Plan to surface some fields with synthetic material makes possibility of year-round sports cost-effective

Turf has recreation officials seeing green

March 19, 2006|By JEFF SEIDEL | JEFF SEIDEL,SPECIAL TO THE SUN

In the past few years, the Howard County Department of Recreation and Parks has tried to figure out how to keep some of its fields playable. Department officials crunched numbers and looked at the various costs involved in making overused fields safe for residents to play on.

That's when they found something interesting. They realized that, over the long term, paying for and installing an artificial surface would be economically feasible.

"We would almost break even," said Gary J. Arthur, director of Recreation and Parks.

Arthur and department officials started putting plans in place to put artificial fields in parks with lighting. The department installed the first one last summer, has two more likely to open this spring and hopes to install a total of one per year for a total of six years.

Putting in the new fields became something that Recreation and Parks needed to look at for several reasons. The department has so many fields and leagues that keeping grass on them has become a very difficult task.

Increased use

Arthur said this has become a bigger issue in the past 10 years. As the number of participants in their sports programs has increased, the number of games and people on the fields have increased, too.

"We had been talking about this for the last two or three years," said community sports supervisor Mike Milani. "It makes sense to do that because of the amount of play we have on our lit fields."

Arthur and Milani said that fields with lighting are the only ones that get considered for artificial turf because those are the fields that are used the most.

The synthetic turf, "Field Turf," is 240 feet by 360 feet, about the size of a college soccer field. Those dimensions were chosen because it will enable the department put a variety of sports on the field, such as soccer, lacrosse, football and field hockey.

These new fields also must be graded with the proper drainage put in. The cost of the turf itself is around $390,000 to $420,000 - depending upon the field's size - and Arthur said the department wants to put these fields in as many parks as possible - instead of placing them side-by-side in a few parks - so that more people in the county have a chance to use them. The field itself is a carpet made of synthetic fibers. The top layer is composed of recycled tennis shoes. A look at the artificial turf field at Rockburn Park shows different colors in certain spots all over the field.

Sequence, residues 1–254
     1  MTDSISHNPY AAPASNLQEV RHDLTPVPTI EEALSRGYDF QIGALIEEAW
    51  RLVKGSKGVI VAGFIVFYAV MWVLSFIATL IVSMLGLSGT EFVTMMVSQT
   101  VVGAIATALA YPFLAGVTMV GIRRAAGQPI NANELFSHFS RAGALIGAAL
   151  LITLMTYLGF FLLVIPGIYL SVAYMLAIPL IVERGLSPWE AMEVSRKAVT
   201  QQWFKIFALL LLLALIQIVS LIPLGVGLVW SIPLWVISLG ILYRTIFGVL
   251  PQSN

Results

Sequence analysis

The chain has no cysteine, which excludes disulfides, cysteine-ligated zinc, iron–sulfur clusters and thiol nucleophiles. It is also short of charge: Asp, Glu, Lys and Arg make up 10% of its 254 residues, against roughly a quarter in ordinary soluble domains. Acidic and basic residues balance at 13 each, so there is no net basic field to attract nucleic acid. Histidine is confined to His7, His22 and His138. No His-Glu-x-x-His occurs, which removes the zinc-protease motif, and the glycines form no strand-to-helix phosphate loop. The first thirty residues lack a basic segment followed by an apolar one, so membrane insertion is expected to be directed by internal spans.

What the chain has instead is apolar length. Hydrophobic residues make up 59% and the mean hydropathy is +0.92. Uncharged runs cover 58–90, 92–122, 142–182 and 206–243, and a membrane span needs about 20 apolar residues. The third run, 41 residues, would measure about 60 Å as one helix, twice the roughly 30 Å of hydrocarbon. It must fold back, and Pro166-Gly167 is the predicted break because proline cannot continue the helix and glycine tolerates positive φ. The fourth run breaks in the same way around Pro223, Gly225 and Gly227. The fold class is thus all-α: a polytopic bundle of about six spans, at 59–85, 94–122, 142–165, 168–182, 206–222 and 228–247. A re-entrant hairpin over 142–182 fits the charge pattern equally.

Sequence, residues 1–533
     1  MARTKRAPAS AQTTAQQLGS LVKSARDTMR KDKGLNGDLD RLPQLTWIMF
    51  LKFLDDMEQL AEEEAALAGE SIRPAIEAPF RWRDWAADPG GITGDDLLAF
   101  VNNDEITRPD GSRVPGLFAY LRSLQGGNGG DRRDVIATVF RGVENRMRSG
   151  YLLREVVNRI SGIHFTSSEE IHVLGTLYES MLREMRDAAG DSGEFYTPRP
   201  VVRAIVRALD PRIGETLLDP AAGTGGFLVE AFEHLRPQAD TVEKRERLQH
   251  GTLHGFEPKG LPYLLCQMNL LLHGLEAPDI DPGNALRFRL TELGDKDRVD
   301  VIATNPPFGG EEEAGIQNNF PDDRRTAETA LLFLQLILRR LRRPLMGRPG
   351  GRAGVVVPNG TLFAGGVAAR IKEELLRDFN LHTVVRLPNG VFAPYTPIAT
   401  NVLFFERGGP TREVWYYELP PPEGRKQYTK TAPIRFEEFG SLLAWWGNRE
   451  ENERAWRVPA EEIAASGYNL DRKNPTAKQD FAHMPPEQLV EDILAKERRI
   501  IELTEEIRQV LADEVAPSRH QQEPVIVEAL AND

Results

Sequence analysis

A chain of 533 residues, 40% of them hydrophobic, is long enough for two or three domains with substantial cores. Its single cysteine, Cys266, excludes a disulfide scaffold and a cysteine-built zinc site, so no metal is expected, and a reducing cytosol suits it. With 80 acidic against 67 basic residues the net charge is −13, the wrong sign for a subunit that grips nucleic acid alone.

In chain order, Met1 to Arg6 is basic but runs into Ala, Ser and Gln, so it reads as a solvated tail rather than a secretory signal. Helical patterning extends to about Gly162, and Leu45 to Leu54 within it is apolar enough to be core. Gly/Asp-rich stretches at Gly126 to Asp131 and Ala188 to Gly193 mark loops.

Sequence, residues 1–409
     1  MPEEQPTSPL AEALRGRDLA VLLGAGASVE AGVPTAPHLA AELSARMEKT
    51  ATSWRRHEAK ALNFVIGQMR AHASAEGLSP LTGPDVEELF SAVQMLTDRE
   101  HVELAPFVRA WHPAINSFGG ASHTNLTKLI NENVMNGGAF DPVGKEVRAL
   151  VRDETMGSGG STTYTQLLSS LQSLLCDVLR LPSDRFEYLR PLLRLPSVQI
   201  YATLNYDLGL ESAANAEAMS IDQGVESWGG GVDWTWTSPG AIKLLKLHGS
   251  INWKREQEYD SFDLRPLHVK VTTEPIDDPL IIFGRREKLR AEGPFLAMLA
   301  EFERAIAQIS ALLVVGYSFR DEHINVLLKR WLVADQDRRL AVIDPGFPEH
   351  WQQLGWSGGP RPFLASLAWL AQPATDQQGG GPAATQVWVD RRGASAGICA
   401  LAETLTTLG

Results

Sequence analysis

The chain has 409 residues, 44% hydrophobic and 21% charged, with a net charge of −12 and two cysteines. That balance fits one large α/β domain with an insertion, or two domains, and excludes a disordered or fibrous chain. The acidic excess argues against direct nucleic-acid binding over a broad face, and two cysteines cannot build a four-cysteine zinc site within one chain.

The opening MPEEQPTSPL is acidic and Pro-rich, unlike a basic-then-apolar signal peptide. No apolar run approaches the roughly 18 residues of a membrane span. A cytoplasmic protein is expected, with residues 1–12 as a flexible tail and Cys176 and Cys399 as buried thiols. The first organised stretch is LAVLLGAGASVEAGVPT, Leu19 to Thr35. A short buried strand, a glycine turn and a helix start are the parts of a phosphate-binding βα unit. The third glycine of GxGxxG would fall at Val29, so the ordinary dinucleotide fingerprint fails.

Rockburn Park had the first artificial turf installed last summer and was used for fall sports. The new Western Regional Park will have two artificial turf fields, which department officials are hoping to open by mid-April and use for spring sports.

More could be on the way. Howard County Executive James N. Robey has backed the concept of having one field built each year for a total of six years. Arthur said if the money is approved, Cedar Lane Park would be next to get an artificial field, in 2007.

Centennial Park is next on the list after that, followed by Rockburn, Cedar Lane and Centennial once more. All of these would be done on a yearly basis, depending on the will of the next county executive. But Arthur is optimistic.

"Hopefully, we'll get the new county executive's support," he said. "I'm hoping he'll throw his initiative behind it."

Guaranteed product

Arthur also said a big reason the department decided to go with this project is the guarantee that Field Turf offered.

"The warranty that comes along with it ... says that if anything goes wrong with that surface over an eight-year period, the company would replace it," Arthur said.

In the end, the artificial turf field helps Recreation and Parks in a number of ways.

"In terms of park operations, it saves them a ton of time," said Janell Coffman from Recreation and Parks, who runs a number of programs. "There's no lining of the fields, no cutting of grass. They can focus on different aspects of keeping up the grass."

Scheduling ease

Coffman also said that having a field like this helps with scheduling.

"In terms of recreation programs, it's a godsend when it comes to scheduling make-ups, because weather almost becomes a nonissue," she said. "You have to worry about lightning or snow on the field, but other than that, that's it."

The artificial turf fields also become a money-maker for the county as it lets Recreation and Parks put on more sports with fewer rain-outs and cancellations. In addition, it stretches the department's schedule in other positive ways.

Milani said that, in years past, outdoor fields were generally used from Nov. 15 to April 15 and shut down after that. Games played on them during the colder winter months could wear down the fields, cause damage and make the task of keeping them playable even tougher.

But that will change with the artificial turf fields. Milani said that teams could begin practicing for spring sports as early as mid-February - weather permitting. They're also going to try outdoor winter sports.

The new field already has drawn interest from other groups, including local high school teams. That's just what Arthur wants.

"We want to expose everyone we can to it," Arthur said. "We're very loose on the fee structure for the first year. We want to see how Howard County organizations use it."

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